The Andy Warhol Foundation for the Visual Arts

Swap Meet: Fundraising Ideas

An open opportunity to meet and exchange particularly successful, unusual, or inventive fundraising strategies. Bring an example of a project or be inspired by others.

Led by Tod Lippy, Esopus.

The following is a creative list of potential fundraising methods, as discussed in this session.

  • Art Yard Sale – an organizational yard sale of donated used art supplies, from sewing machines to magazines.
  • Direct mail fundraising
    • Put in every reason you can why your organization needs money
    • Add a final line “PS If you give us $100 we’ll give you XXX.”  Many of the attendants noted how surprised they were by campaigns where they solicited specific amounts of money.  Offer something in exchange for the donation.  The incentive, whatever it is, isn’t the point, but it does seem to spur people to donate.
    • Print auto signatures in blue, or hand sign if you can—add a personal note when possible.
    • Add your signature above the return address line on the envelope.
    • Use a postage stamp instead of machine postage.
    • Tell a personal story rather than including lists in your solicitation.
    • Include a post-it note or handwritten note.
  • Annual Art Sale Fundraiser—artworks for sale for $500 or less with artists receiving a portion of sales.
  • Dance-a-thon with prizes donated from local businesses—someone suggested actions from artists, such as winning a series of “love letters” sent from artists.
  • Visual AIDS Big Deal Sale—artworks for sale for $165 each.
  • Donation box in the space
  • Esopus has a last line in their online store asking if people would like to round up and donate the difference, or make an additional donation.
  • Auctions—Headlands Center for the Arts asked people to put up their paddles in the middle of the auction to donate $100.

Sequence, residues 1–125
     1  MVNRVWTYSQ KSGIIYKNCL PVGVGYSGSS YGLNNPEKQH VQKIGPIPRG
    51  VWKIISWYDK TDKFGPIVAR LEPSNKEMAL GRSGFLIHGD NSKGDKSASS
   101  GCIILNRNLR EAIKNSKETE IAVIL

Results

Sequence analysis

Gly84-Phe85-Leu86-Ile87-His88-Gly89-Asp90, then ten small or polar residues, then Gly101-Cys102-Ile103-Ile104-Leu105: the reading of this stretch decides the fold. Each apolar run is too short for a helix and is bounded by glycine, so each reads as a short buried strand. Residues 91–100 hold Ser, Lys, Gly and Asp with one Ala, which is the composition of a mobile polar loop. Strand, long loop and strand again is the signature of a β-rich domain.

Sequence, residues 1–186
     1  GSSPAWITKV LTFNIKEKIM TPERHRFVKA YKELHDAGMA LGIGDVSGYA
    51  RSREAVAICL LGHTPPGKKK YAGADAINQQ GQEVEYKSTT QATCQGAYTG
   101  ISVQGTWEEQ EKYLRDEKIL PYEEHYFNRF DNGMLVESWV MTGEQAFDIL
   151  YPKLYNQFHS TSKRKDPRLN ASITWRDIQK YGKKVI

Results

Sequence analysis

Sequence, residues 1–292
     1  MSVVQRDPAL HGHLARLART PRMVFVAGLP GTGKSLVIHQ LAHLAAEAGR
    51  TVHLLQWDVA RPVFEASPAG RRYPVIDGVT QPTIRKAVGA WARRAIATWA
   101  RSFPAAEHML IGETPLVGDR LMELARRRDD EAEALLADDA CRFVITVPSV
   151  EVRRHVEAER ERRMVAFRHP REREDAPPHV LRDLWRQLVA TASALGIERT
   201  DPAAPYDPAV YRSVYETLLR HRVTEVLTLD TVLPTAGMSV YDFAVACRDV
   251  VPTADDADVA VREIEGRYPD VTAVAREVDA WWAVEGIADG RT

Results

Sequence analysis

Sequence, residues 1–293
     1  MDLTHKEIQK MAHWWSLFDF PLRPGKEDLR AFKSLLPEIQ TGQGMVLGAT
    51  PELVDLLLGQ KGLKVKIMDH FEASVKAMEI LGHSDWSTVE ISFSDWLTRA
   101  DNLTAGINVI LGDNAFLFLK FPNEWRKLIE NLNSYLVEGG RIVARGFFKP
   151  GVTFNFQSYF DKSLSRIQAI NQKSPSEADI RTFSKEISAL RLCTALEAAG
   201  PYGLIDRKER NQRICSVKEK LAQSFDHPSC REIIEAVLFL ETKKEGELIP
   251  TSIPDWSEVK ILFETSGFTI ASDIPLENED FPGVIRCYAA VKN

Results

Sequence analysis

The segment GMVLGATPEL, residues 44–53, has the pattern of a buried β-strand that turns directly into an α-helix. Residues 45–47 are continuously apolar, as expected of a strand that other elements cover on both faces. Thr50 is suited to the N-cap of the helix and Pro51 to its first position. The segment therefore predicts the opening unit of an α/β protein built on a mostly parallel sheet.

• Goal-oriented fundraising: We are going to raise XXX to do XXX.
  •, a mobile giving foundation creates short text codes to donate $ via text messaging.  You pay a fee—someone suggested that it didn’t make sense for events that raise less than $50K.
  • One person noted that some events simply aren’t worth the time investment and that nonprofits typically undervalue the time that goes into planning.  A larger question in the field—when do you have the confidence to cultivate larger donors as opposed to organizing auctions?
  • Target a select group who have the capacity to give and have dinner with another friend of the organization (either a nice restaurant or better yet, someone’s home). Gather them to ask for advice about how to generate the money needed—this is relationship building. Follow up with them about how you followed their advice.
  • Events aren’t just about asking for money in the short-term but about investing in the organization.
  • One organization sent out a letter about a non-event: “We aren’t having a spring event, please send XX amount of money.”
  • Cultivate the courage to ask a repeat donor for an increased amount—worse case scenario, they will only say no.
  • Art in General does two trips per year—they recently went to Cuba—and they make money from coordinating the trip, but they also bring in new people, such as two new board members on the last trip.  Other people on the trip come back to the organization and they bring new people with them too.  Key is to find a trip where people will have an opportunity they wouldn’t otherwise have access to.
  • Sell naming opportunities within the space—Cabinet does anagrams of donors names, someone mentioned how larger institutions have named bathrooms.
  • One organization hosts an event where donors have their portrait taken by a well-known photographer.  These portraits are installed in the space for an event—it appeals to a sense of vanity and the portrait sitters bring their own crowds.
  • Establish an award or honor someone at an event—this helps sell tickets.
  • Another organization randomly bestows “Outsider Awards” to demonstrate appreciation for unrecognized community members.
  • Split fundraising efforts with another organization—partner with a local social organization to benefit community engagement.
  • SoEx’s Monster Drawing Rally: artists draw in situ and the works are sold on the spot for a low price, hundreds attend.
  • Have alcohol donated and “sell” drinks through suggested donations.
  • Ask artists to come to a “donor ask” meeting or to donate a studio visit with a potential donor to build personal relationships.